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THE WOMAN IN WHITE.

MISS HALCOMBE'S NARRATIVE CONTINUED.

JULY 5TH. I remained leaning on the window-
sill for nearly a quarter of an hour, looking out
absently into the black darkness, and hearing
nothing, except, now and then, the voices of the
servants, or the distant sound of a closing door,
in the lower part of the house.

Just as I was turning away wearily from the
window, to go back to the bedroom, and make a
second attempt to complete the unfinished entry
in my journal, I smelt the odour of tobacco-
smoke, stealing towards me on the heavy night
air. The next moment I saw a tiny red spark
advancing from the farther end of the house in
the pitch darkness. I heard no footsteps, and I
could see nothing but the spark. It travelled
along in the night; passed the window at which
I was standing; and stopped opposite my
bedroom window, inside which I had left the
light burning on the dressing-table.

The spark remained stationary, for a moment,
then moved back again in the direction from
which it had advanced. As I followed its
progress, I saw a second red spark, larger than the
first, approaching from the distance. The two
met together in the darkness. Remembering
who smoked cigarettes, and who smoked cigars,
I inferred, immediately, that the Count had
come out first to look and listen, under my window,
and that Sir Percival had afterwards joined
him. They must both have been walking on the
lawn- or I should certainly have heard Sir
Percival's heavy footfall, though the Count's soft step
might have escaped me, even on the gravel walk.

I waited quietly at the window, certain that
they could neither of them see me, in the
darkness of the room.

"What's the matter?" I heard Sir Percival
say , in a low voice. "Why don't you come in
and sit down?"

"I want to see the light out of that window,"
replied the Count, softly.

"What harm does the light do?"

"It shows she is not in bed yet. She is sharp
enough to suspect something, and bold enough
to come down stairs and listen, if she can get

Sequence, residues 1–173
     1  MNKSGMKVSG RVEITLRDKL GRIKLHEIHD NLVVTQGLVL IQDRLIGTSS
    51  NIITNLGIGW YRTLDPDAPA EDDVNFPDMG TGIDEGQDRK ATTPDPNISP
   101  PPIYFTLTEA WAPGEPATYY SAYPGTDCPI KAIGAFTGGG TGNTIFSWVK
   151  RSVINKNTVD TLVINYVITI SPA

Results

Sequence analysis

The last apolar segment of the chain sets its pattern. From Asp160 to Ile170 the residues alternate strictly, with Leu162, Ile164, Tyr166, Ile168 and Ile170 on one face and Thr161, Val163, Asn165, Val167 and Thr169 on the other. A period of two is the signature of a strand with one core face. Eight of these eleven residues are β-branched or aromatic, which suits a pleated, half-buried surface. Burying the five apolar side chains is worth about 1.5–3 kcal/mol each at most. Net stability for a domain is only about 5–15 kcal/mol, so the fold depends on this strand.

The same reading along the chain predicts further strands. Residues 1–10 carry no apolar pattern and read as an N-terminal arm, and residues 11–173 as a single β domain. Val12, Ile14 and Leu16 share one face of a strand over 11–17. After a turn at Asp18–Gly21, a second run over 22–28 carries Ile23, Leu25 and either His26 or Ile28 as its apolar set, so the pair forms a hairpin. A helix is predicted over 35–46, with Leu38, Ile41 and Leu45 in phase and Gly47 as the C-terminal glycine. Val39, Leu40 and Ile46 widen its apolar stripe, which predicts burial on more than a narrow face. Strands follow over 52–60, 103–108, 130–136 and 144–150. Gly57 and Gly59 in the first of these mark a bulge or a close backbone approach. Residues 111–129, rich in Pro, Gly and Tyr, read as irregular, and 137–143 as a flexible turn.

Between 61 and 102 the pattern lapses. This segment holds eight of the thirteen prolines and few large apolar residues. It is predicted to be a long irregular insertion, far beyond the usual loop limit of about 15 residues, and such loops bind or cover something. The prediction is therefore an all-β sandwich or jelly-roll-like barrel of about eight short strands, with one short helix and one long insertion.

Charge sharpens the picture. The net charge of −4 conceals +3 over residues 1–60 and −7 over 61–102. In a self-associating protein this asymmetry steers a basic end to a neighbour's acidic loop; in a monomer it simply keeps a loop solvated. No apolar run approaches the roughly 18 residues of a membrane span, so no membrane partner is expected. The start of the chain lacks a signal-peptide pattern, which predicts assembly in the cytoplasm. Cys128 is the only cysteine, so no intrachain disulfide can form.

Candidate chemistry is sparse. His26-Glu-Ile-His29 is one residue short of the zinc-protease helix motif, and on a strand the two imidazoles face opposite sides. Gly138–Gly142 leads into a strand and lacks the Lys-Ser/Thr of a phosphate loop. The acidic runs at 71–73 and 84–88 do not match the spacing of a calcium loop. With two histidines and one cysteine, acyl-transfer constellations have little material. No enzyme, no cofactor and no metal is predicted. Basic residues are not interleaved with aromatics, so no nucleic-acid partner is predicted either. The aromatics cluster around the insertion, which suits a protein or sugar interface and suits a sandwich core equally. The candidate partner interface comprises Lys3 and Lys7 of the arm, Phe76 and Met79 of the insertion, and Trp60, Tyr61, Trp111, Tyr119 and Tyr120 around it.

the chance. Patience, Percival- patience."

"Humbug! You're always talking of
patience."

"I shall talk of something else presently.
My good friend, you are on the edge of your
domestic precipice; and if I let you give the
women one other chance, on my sacred word of
honour, they will push you over it!"

"What the devil" do you mean?"

"We will come to our explanations, Percival,
when the light is out of that window, and when
I have had one little look at the rooms on each
side of the library, and a peep at the staircase
as well."

They slowly moved away; and the rest of the
conversation between them (which had been
conducted, throughout, in the same low tones)
ceased to be audible. It was no matter. I had
heard enough to determine me on justifying the
Count's opinion of my sharpness and my
courage. Before the red sparks were out of
sight m the darkness, I had made up my mind
that there should be a listener when those two
men sat down to their talk- and that the
listener, in spite of all the Count's precautions to
the contrary, should be myself. I wanted but
one motive to sanction the act to my own
conscience, and to give me courage enough for
performing it; and that motive I had. Laura's
honour, Laura's happiness- Laura's life itself-
might depend on my quick ears, and my faithful
memory, to-night.

I had heard the Count say that he meant to
examine the rooms on each side of the library,
and the staircase as well, before he entered on
any explanations with Sir Percival. This
expression of his intentions was necessarily
sufficient to inform me that the library was the room
in which he proposed that the conversation
should take place. The one moment of time
which was long enough to bring me to that
conclusion, was also the moment which showed me
a means of baffling his precautions- or, in other
words, of hearing what he and Sir Percival
said to each other, without the risk of descending at
all into the lower regions of the house.

In speaking of the rooms on the ground
floor, I have mentioned incidentally the verandah
outside them, on which they all opened
by means of French windows, extending from
the cornice to the floor. The top of this
verandah was flat; the rain-water being carried
off from it, by pipes, into tanks which helped
to supply the house. On the narrow leaden roof,
which ran along past the bedrooms, and which
was rather less, I should think, than three feet
below the sills of the windows, a row of flower-

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